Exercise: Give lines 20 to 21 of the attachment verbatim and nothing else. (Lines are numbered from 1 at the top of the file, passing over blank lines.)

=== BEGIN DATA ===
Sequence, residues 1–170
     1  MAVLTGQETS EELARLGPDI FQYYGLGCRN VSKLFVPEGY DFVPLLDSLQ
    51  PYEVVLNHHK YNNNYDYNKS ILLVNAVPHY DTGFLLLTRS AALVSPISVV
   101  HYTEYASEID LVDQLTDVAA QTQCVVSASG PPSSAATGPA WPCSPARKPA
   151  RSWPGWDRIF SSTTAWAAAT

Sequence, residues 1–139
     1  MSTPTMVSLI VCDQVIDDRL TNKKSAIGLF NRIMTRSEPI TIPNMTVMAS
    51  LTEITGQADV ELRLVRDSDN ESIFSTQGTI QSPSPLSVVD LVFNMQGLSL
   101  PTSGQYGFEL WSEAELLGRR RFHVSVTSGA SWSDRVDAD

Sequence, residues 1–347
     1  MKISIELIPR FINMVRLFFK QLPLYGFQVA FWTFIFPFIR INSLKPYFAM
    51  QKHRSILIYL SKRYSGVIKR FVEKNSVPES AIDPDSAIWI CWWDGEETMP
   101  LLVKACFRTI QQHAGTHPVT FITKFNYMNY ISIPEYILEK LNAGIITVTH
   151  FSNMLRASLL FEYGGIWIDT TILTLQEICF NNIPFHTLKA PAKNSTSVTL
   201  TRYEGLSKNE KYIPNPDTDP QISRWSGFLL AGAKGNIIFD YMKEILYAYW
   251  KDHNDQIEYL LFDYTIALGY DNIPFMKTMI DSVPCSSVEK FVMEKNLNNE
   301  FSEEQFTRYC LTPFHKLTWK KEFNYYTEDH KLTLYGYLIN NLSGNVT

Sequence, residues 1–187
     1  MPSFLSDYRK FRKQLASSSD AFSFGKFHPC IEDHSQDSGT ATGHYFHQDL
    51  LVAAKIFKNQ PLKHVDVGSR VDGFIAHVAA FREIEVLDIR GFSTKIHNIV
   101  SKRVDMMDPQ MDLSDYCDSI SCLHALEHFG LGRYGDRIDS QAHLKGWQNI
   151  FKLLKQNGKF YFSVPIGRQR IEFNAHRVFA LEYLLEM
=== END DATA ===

    51  LVAAKIFKNQ PLKHVDVGSR VDGFIAHVAA FREIEVLDIR GFSTKIHNIV
   101  SKRVDMMDPQ MDLSDYCDSI SCLHALEHFG LGRYGDRIDS QAHLKGWQNI